The decision on whether or not Wagga residents should be the ones to elect the city's mayor is currently on a knife edge.
Only 7951 formal responses to Saturday's mayoral referendum have been recorded, but at this stage 51.18 per cent of Wagga residents have voted in favour of changing system.
The mayor is currently chosen by councillors every two years but if this results holds, a mayoral election will be held every four years, where residents vote on which councillor takes the top spot.
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The change will come at an increased cost of about $47,000 each year an election is held.
Referendum votes from nine of Wagga's polling stations are still yet to be recorded which are expected to include an additional 12,000 responses and all pre-poll, postal and online referendum votes have not yet been tallied.
Counting will continue on Monday and the official tally will begin to form over the next few weeks.
The Daily Advertiser spoke to Wagga voters across the city on Saturday and despite the 'Yes' vote currently being in the lead - all were against the proposed change.
"I really think it should be a 'No' vote because we don't want the donkey vote to end up deciding the mayor," Kooringal resident John Smith said.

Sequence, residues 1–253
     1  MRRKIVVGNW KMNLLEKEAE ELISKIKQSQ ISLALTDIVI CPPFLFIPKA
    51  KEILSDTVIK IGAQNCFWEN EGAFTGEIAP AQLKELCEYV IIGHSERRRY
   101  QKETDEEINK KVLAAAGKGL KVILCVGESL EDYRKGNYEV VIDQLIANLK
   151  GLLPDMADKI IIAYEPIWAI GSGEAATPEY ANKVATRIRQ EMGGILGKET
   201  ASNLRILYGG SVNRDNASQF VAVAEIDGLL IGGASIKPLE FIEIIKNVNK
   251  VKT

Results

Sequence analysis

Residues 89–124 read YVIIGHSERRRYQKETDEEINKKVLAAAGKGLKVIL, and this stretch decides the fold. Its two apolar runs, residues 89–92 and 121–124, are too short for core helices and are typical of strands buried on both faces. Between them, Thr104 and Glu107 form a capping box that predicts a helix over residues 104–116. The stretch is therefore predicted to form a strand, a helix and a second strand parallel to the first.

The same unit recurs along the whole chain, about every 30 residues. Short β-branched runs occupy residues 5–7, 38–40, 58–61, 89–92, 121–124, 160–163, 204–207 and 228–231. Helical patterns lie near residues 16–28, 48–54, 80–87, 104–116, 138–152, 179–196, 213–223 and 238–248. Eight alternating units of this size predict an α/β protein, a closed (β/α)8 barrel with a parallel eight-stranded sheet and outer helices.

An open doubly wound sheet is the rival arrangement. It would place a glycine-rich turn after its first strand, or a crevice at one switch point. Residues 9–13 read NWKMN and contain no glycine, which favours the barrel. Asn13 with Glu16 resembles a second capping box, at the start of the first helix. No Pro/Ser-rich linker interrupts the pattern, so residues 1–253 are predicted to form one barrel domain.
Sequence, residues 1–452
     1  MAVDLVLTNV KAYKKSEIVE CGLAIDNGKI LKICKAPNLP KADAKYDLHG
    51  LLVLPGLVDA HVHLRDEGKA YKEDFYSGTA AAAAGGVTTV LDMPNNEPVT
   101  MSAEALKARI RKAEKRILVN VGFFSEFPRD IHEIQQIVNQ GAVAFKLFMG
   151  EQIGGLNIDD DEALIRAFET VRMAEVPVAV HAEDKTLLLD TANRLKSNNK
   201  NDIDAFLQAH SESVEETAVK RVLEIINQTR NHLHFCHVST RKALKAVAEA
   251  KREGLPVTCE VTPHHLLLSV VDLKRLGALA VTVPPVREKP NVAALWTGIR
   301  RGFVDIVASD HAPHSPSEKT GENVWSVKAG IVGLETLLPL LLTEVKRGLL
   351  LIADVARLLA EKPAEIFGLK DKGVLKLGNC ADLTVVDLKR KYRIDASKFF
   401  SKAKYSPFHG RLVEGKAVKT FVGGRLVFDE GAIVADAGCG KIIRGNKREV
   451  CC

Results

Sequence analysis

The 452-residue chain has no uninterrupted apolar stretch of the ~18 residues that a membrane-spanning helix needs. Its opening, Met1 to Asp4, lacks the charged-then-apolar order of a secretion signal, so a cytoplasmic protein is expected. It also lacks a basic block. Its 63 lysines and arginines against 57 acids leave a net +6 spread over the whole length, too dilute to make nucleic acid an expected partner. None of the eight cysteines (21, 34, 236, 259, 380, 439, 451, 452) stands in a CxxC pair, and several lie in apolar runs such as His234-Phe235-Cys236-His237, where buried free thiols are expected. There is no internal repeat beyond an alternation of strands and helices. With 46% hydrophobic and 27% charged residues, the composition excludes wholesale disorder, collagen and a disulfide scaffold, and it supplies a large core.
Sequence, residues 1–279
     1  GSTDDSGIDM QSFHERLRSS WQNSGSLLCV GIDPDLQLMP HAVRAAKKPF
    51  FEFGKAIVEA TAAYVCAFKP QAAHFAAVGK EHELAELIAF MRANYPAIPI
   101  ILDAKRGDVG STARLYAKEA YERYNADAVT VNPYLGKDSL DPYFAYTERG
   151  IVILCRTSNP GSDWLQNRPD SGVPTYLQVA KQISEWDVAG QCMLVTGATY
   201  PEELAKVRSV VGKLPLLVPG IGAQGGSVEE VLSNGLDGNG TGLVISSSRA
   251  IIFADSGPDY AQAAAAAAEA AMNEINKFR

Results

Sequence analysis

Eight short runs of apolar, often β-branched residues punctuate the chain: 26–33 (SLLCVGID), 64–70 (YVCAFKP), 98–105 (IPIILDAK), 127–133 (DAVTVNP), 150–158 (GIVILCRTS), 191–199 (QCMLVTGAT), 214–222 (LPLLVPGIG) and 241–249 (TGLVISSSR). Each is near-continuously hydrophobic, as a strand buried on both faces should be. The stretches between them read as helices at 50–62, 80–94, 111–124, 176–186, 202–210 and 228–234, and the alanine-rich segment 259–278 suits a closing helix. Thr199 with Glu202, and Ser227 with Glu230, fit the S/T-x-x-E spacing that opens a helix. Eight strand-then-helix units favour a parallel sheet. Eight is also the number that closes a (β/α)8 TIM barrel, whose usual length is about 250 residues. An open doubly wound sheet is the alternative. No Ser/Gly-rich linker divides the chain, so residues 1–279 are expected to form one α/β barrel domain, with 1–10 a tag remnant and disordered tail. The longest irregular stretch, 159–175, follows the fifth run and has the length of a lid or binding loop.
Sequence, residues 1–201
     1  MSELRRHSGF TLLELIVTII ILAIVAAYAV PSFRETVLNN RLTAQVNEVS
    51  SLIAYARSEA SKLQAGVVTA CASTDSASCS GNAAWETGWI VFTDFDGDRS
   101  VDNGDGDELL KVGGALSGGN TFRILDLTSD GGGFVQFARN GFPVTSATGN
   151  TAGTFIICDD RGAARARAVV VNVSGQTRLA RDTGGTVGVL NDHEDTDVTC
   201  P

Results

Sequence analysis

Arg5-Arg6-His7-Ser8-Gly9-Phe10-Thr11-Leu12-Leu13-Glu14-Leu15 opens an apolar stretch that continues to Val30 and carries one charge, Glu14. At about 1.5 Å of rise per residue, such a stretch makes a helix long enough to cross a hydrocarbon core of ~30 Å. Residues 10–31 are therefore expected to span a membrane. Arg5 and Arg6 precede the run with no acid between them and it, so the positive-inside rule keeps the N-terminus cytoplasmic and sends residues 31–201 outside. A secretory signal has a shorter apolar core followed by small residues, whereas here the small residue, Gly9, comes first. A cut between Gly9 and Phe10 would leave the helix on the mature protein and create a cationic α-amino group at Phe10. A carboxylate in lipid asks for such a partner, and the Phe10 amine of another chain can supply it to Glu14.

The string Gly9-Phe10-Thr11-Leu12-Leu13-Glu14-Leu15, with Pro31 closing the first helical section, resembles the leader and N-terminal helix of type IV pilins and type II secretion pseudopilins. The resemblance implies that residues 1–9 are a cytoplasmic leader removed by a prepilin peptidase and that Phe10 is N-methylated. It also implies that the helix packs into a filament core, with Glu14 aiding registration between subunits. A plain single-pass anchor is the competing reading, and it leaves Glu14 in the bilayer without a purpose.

"We really need the councillors who have the inside knowledge and who know who the better leader is to be able to decide that and not the general public."
This sentiment was shared by Wagga resident Sam Parker who said he was voting against the referendum due to the increased cost.
"I'm not a fan of directly electing mayors because of the cost it brings and I hope people are aware of that cost because it is significant," Mr Parker said.
"The mayor also holds the deciding vote so they need to be representative of the rest of the people on council."
Local resident Fran Trench was also against the change and believed the 'No' vote would end up winning.
"I think it's very important the mayor is chosen on their ability and not on their personality," Ms Trench said.
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